5 Answers I Gave To Someone Who Asked For Advice Starting Up « Leo starts up

Oh boy, this is probably the scrappiest post I have ever written. Yet, it came more natural than anything.

A friend, who is just about to start out with his venture, asked me these 5 questions, and these are the answers I gave:

1.) What are a few things you would differently if you could start over?

Starting up can be hard, the most important thing I would try to remember is that a lot of the first hits, first calls, first emails, won’t yield anything. So I would try harder to grow everything faster, because I knew this is what is needed. (I say this, because I am the hustler, not the hacker, if you need a hacker answer, be sure to check in with Joel on this.)

Having this in mind, I think you almost never get discouraged, here is a great article about which ratio for success and failure one should expect: http://blog.summation.net/2011/11/fail-to-succeed.html

2.) Are business plans really that important?

Screw business plans – we never even thought about having one.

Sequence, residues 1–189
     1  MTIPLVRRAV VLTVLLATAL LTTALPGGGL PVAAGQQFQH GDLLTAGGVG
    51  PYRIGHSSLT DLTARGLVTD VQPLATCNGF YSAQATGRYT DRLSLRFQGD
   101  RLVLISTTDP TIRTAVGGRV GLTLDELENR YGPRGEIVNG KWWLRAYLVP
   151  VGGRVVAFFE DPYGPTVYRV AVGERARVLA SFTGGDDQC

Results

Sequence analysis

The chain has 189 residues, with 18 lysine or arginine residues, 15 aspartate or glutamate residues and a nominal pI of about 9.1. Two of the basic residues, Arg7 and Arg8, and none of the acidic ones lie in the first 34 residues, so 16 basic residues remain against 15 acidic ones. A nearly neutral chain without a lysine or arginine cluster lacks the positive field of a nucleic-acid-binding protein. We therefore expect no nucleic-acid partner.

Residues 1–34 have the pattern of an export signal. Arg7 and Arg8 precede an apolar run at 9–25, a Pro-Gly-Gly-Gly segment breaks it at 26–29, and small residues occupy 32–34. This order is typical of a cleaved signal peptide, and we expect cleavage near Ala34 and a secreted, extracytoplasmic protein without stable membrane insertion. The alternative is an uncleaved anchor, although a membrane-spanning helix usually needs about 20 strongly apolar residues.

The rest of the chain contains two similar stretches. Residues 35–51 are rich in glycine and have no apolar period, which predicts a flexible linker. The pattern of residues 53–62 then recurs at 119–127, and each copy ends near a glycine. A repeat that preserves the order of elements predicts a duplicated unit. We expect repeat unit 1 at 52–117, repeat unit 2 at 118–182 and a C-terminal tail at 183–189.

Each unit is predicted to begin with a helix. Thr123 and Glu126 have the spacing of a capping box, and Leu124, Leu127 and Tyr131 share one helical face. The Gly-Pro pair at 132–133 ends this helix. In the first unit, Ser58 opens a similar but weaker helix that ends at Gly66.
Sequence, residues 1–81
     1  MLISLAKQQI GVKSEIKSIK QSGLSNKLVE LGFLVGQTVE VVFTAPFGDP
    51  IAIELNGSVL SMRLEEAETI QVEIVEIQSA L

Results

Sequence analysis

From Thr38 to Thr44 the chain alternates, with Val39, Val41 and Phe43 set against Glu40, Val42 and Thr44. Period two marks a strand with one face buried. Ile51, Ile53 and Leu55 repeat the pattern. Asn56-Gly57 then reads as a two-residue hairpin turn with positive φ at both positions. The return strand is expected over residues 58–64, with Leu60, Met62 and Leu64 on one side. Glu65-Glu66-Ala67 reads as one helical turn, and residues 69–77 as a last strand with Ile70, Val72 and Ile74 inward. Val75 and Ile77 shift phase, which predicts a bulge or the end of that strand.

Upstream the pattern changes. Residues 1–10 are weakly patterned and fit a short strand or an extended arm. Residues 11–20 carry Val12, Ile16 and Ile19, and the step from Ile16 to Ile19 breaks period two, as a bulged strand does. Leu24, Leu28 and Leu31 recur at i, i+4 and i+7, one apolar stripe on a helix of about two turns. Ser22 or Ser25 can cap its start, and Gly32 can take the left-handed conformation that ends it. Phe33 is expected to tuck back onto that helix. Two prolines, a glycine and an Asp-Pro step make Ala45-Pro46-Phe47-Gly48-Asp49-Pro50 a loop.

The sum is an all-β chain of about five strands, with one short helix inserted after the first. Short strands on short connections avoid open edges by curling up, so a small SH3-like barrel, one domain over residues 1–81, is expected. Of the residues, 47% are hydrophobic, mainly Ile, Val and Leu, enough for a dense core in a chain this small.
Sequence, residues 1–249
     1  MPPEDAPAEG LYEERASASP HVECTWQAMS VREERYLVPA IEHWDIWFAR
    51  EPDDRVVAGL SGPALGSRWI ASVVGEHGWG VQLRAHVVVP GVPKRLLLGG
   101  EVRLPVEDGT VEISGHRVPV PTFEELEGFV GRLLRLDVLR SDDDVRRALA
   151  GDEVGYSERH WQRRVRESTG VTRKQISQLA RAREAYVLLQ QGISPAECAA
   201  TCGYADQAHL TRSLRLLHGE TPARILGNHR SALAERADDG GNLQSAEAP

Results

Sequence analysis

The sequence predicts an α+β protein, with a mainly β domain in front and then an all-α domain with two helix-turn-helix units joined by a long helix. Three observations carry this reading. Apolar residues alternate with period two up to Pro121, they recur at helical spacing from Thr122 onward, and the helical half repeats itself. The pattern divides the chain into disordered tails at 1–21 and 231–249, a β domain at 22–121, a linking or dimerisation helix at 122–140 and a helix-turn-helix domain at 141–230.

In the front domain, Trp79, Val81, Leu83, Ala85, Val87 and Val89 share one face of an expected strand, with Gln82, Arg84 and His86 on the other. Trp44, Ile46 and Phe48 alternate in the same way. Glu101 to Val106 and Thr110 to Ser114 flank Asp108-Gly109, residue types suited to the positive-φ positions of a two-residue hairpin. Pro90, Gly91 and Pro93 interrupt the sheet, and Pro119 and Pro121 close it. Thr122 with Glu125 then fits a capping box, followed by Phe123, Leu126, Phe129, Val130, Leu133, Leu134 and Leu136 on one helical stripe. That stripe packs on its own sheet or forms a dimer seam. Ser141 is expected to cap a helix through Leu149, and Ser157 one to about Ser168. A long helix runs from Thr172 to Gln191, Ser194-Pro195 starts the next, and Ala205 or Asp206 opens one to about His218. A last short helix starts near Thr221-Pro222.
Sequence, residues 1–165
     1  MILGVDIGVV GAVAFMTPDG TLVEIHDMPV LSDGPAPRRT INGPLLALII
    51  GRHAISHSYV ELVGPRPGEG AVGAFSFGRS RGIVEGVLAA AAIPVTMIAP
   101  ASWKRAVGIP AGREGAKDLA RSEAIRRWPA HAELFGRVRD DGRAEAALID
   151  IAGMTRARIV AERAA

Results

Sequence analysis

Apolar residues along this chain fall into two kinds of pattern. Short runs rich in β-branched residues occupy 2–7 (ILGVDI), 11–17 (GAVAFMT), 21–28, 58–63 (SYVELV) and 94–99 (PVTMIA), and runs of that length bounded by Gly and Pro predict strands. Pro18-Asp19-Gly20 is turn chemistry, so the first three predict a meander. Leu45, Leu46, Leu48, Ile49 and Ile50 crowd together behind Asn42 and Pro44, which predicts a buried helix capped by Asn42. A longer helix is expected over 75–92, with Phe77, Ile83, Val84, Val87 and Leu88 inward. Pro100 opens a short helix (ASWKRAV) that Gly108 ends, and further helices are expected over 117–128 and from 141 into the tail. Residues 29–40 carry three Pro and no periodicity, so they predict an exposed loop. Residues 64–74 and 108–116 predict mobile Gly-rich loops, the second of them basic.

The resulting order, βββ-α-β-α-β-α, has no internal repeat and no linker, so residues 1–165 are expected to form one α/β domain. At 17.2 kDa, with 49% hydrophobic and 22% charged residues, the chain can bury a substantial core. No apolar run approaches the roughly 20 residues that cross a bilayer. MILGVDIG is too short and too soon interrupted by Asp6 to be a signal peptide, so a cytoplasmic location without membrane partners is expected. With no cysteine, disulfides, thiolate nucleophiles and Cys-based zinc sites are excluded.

3.) What is the top tip you would pass along to someone in my position?

Don’t get discouraged – ever. Starting a business is like learning an instrument or playing soccer. You suck a lot at the start, and that’s awesome! Your learning curve is steep and you will pick up so many things along the way.

Also, look for like-minds, people that do the same thing, this was one of the most important things for me.

4.) Should I worry about forming a real business up front or can it wait?

Wait with forming a business. Keep everything as lean as you can, no legal stuff, no accounting, no nothing. All that is important to focus on is whether your product/service is wanted from customers. If it is, you can do all the rest.

To get an idea of how you can really stay focused on what your customer wants, here is an amazing article from Joel on the topic and how he did it: http://blog.bufferapp.com/idea-to-paying-customers-in-7-weeks-how-we-did-it

A few points from the article to emphasise this:

  • the paid feature was built as soon as the first person tried to upgrade
  • payments went into his personal paypal account
  • there was no business,
  • a lot of features didn’t exist,

Calculate out as little as you can, and if you do, be as conservative as possible. Especially calculating revenues from your business might be tough at the start, if possible, try to live off money without it. I found that in general planning is hard and it distracts from focusing on what matters – do customers come and like what you have to offer.

What do you think? Which answers would you have given him?

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